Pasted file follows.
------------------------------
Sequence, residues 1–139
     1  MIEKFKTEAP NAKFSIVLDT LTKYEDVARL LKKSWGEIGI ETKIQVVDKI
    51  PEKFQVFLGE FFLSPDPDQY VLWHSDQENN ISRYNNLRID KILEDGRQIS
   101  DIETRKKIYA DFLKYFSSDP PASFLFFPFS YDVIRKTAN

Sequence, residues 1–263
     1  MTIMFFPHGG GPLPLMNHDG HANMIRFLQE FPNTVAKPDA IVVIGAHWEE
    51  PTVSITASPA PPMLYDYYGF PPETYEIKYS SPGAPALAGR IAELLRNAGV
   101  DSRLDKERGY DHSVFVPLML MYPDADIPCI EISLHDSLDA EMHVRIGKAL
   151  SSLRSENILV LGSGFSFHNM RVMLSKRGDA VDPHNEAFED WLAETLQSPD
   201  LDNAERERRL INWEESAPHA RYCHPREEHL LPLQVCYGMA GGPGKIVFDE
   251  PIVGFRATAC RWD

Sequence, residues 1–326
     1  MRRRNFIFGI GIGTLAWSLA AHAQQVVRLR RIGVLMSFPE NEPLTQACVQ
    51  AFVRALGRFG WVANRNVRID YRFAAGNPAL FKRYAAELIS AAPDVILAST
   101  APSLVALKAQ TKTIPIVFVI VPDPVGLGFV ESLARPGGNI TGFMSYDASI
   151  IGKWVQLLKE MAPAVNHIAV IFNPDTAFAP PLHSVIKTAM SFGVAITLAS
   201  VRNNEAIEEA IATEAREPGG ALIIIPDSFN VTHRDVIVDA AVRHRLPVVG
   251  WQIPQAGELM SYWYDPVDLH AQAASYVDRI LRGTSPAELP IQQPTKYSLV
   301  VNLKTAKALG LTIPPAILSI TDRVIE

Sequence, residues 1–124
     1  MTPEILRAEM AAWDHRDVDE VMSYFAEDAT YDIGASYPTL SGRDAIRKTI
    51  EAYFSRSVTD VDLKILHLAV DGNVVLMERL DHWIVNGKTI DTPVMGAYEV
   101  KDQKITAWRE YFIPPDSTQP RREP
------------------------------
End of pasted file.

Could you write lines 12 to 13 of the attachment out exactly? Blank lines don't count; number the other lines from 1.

Sequence, residues 1–326
     1  MRRRNFIFGI GIGTLAWSLA AHAQQVVRLR RIGVLMSFPE NEPLTQACVQ